Representatives of the Department of Justice came to campus in April 2015 and interviewed students, staff and faculty. They also collected the university’s sexual assault reports.

It’s unclear when DOJ will release its report.

Meanwhile, the Pilgrim Report’s findings were released in January 2015. It said many students and university employees didn’t know how to report sexual assaults, that some of the policies were so oddly worded they confused students and university employees and that several UNM policies and procedures didn’t fully comply with federal law. In the wake of the report, UNM adopted numerous changes, the foremost of which officials say was the unification and simplification of the sexual misconduct policy.

Previously, different rules applied to students, staff and faculty but the new policy adopted in 2015 made the bar for what actions qualify as sexual assault or harassment the same for everyone on campus. The punishment for breaking those rules still varies for students, staff and faculty.

Following the Pilgrim report, the university also added programs to student orientation that teach students what qualifies as sexual assault or consensual sex. The programs also strive to teach students how to drink responsibly.

In 2015, university officials, partly in response to recommendations by the presidential task force formed in 2014, also launched the Lobo Respect advocacy center for those who have suffered sexual assault or harassment among other crises. The center also serves as a space for students to confidentially report sexual assault or harassment.

The center is staffed during the day and has a hotline students can call during off hours. The university also developed a mobile application called Lobo Guardian that includes features that make it easier to get in touch with police in emergency situations.


What is the process for filing sex assault claims?

So what happens when a student or employee reports a sexual assault?

Victims can report cases of sexual assault or harassment by: filing a Title IX report through the University’s Office of Equal Opportunity; reporting it to UNM police; or doing both.

Filing only a Title IX report will not result in a criminal charge. UNM administrators will investigate the report, and if they find that the action violates UNM’s sexual misconduct policy, the student or employee can be reprimanded. Punishments range from educational conferences to expulsion or job termination.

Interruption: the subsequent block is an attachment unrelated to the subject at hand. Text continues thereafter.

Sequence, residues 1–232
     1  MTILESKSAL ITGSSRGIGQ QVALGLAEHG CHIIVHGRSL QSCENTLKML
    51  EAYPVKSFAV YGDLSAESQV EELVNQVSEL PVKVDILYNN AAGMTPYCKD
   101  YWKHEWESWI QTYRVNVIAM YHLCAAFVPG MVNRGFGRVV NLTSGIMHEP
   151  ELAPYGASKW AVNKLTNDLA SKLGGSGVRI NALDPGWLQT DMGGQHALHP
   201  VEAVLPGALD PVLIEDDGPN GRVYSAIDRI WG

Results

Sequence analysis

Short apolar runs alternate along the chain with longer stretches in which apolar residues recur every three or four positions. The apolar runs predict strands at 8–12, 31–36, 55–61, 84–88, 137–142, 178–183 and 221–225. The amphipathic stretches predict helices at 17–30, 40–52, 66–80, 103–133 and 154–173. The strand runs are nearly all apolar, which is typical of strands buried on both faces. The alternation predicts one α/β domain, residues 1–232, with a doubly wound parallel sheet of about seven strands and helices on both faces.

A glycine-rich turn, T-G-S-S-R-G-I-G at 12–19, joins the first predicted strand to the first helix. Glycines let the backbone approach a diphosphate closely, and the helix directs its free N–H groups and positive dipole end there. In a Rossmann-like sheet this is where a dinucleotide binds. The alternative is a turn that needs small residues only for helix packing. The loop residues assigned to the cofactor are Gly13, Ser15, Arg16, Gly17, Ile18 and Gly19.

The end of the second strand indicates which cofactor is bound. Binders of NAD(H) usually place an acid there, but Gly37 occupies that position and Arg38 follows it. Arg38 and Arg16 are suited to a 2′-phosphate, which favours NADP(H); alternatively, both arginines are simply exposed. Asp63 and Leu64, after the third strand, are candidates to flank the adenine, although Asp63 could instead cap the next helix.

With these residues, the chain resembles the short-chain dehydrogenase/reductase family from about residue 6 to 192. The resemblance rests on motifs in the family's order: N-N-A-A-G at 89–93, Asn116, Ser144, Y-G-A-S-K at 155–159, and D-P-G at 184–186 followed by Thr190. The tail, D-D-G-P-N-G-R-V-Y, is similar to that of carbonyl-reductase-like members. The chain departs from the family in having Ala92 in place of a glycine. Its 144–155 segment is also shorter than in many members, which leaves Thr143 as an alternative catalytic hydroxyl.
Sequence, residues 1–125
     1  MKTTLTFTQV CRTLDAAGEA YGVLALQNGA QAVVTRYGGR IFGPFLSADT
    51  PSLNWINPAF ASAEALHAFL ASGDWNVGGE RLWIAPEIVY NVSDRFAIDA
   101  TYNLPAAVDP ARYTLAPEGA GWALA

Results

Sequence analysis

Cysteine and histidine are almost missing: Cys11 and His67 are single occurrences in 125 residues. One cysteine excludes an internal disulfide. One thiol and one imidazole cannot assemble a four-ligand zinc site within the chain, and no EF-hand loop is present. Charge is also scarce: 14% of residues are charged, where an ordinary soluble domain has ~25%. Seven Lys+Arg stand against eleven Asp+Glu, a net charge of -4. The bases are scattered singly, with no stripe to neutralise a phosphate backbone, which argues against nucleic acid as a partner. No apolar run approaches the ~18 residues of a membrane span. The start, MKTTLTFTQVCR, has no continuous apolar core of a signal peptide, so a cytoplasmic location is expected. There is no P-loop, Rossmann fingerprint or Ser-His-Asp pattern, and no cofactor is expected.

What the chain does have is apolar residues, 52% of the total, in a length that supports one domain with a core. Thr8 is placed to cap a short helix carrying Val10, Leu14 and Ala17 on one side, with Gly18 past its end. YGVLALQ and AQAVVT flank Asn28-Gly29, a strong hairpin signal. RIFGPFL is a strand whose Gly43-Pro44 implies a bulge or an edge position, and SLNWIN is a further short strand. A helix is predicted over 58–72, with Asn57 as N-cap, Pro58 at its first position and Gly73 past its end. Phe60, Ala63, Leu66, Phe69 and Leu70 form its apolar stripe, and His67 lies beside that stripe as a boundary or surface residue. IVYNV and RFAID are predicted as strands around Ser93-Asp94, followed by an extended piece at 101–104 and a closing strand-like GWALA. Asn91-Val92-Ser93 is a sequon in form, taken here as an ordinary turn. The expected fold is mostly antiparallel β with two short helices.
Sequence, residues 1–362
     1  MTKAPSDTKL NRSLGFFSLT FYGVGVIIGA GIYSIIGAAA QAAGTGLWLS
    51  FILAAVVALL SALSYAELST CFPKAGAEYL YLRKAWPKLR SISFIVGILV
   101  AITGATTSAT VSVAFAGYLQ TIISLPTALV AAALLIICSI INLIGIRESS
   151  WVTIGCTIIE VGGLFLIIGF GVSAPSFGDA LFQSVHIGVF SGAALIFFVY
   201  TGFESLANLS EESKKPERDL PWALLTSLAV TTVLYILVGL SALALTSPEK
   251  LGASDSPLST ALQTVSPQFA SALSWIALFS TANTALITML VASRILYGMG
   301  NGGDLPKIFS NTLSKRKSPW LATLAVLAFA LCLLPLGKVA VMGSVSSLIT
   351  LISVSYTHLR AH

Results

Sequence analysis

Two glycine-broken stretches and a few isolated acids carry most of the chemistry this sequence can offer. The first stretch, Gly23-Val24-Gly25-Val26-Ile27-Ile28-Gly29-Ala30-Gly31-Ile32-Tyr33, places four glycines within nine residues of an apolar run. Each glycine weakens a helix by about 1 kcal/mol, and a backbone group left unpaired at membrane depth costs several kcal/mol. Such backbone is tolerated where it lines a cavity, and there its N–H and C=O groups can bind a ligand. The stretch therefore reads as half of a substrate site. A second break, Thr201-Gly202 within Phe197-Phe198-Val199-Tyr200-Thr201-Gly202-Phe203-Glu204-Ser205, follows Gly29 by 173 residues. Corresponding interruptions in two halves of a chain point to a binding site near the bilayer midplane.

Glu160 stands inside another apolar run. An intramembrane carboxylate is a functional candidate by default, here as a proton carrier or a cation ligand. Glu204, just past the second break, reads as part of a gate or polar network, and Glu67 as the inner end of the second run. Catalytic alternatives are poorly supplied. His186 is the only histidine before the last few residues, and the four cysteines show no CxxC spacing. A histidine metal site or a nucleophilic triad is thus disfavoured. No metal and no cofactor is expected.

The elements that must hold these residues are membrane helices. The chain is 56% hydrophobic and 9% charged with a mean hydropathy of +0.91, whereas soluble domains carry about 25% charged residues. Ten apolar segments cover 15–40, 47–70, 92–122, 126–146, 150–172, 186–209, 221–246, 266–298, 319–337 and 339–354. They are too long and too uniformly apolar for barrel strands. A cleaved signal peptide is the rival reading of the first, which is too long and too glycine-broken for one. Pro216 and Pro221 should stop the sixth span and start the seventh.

The criteria for violating UNM policy does not necessarily rise to the level of a criminal offense, said Title IX administrator Heather Cowan.

Students or employees can also file a report with the UNM police department. Police conduct their own investigation and determine whether there is enough cause to send to the District Attorney’s Office to consider charging the accused.

The police and Title IX investigations are separate, and the two groups do not share information.

Students or employees also have the option of anonymously reporting sexual assault or harassment incidents. Students can report incidents in places such as the Women’s Resource Center or the Lesbian, Gay, Bisexual, Transgender and Questioning (LGBTQ) Resource Center, the Student Health and Counseling Center among other support centers on campus. An anonymous report won’t generate a Title IX complaint, but it may be included as part of the university’s Clery Report.

According to the Clery Report, which is data the university reports to the federal government, four “forcible” sex offenses were reported in 2012 and 10 in 2013 at UNM. In 2014, the federal government introduced subcategories of sexual assault labeled rape and fondling. At UNM in 2014, there were 12 rape reports and seven fondling cases.

Meanwhile, if a student is expelled for sexual misconduct, the reason for the expulsion does not go on the student’s record.

UNM says that is due to federal privacy laws regarding student information.

The university will put a note on the transcripts saying the student was expelled for “disciplinary” reasons. It is the same phrasing used whether a student violated the university’s sexual misconduct policies or got caught cheating on academics multiple times.